forest the Garos are constantly stalked by insecurity as the
government remains apathetic and silent.
Charookala Canteen Scam
University authority is leasing out the canteen that lies within
the precinct of the Institute of Fine Art. A student leader
of JCD is to take out the lease that will be good for 99 years.
The lease will enable the owner to run the canteen on a commercial
basis. The work is underway to rebuild the canteen flouting
the master plan of the eminent architect Mazharul Islam. A tree
has already been lopped off in order to extent the canteen area.
In violation of the norm as well as the existing artistically
inclined environment, the work is in progress to revamp the
canteen. The general students have been in the dark. The plan
was hatched during winter vacation. As classes resumed, the
students were surprised to find their precinct altered without
our their knowledge. They have already handed in a memorandum
to the Vice Chancellor to protest the building of a new canteen.
The authority of the Institute of Fine Arts categorically denied
having any role in the leasing out and the building of the canteen.
They said that the matter lied in the hands of the central authority
of D.U. Later they have promised to withdraw the plan to lease
the canteen, although no official declaration was issued yet.
Yet a recent incident concerning a mobile food-cart, that used
to be stationed in front of the institute, has given rise to
renewed speculation. Few JCD henchmen manhandled the owner of
the mobile canteen and finally drove him out of the DU campus.
Is this a prelude to a big canteen business ready to take off
is not well in the BNP camp. This time it is the unsavoury remark
of Communications Minister Najmul Huda that has sparked heated
protests from the party itself. At a Chatra Shibir meeting,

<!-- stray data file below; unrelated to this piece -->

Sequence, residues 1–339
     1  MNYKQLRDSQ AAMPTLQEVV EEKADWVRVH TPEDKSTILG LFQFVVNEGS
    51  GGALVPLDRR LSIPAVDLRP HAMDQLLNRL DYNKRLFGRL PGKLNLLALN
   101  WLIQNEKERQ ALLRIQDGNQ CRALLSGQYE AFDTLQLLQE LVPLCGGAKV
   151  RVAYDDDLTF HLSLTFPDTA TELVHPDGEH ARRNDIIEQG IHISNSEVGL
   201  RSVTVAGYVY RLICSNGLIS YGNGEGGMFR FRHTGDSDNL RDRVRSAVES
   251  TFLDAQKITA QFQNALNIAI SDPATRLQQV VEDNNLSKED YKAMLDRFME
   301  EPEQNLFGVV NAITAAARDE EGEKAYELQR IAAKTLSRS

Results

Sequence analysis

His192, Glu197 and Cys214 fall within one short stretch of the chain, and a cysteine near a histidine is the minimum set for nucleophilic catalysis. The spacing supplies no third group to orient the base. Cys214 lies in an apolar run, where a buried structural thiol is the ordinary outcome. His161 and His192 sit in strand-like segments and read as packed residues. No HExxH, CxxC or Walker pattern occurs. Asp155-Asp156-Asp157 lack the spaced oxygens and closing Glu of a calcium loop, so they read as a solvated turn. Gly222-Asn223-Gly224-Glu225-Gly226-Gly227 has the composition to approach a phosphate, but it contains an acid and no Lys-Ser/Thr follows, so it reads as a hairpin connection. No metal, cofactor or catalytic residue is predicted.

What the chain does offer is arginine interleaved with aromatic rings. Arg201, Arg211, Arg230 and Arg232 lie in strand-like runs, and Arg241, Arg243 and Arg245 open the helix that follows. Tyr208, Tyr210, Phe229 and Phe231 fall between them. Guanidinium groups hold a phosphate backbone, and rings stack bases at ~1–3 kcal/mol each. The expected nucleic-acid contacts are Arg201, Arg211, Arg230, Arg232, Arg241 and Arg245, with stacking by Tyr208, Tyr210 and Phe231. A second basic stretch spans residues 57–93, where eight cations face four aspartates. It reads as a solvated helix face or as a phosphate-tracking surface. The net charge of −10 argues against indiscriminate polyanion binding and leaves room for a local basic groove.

the burly minister stated that the Jamaat-e- Islami did not
do anything wrong by working for the integrity of Pakisrtan
during the Liberation War in '71. Members of the BNP discussed
Najmul's misdemeanour at a joint meeting of the party's central
and district leaders. The meeting was held to finalise the national
programmes to commemorate President Ziaur Rahman's 68th birth
anniversary. BNP members strongly criticised the communications
minister, which they said undermined Ziaur Rahman's proclamation
of the liberation War, something which is a source of pride
for the BNP. Needless to say Najmul's tactless remarks have
not earned brownie points with the general public especially
with his alleged involvement in the recent CNG scam.
on the Texts of the Ahmediyyas: The Majority Rules
government has finally stooped to the demands of a section of
religious bigots by banning all publications of the Ahmadiyyas.
The Ahmadiyyas, a Muslim sect, have been subject to a raging
hate campaign by religious bigots for the last couple of months.
Islami Oikya Jote (IOJ), a partner of the ruling coalition,
is said to have orchestrated riotous programmes including laying
siege around an Ahmadiyya mosque in Nakhalpara and instigating
violent clashes with the police. They have been demanding a
declaration that will render the Ahmadiyyas non-Muslims. A high-level
meeting attended by State Minister for Religious Affairs, State
Minister for Home and the Khatib of Baitul Mokarram Mosque held
on Jan 8, finally banned the sale, publication, distribution,
and retention of all books and booklets on Islam published by
the Ahmadiyya Muslim Jamaat Bangladesh. The home ministry press
release says that the ban was imposed on the basis of the objectionable
materials in Ahmadiyya publications, which hurt or might hurt
the sentiments of the majority of Muslim population.
Abdul Awal, Missionary of Ahmadiyya Muslim Jamaat Bangladesh,
expressed shock at this decision, which he believes, is tantamount
to violating people's right to the freedom of expression and
Many others including eminent lawyers, intellectuals, NGOs and
human rights activists, leaders of different political parties
condemned the ban. "Why aren't the Ahmadiyyas allowed to
practise their religion the way Hindus, Buddhists and Christians
practise theirs. Besides, who are we to say whether a person
is a Muslim or not?" wondered Dr Zahir, an eminent lawyer.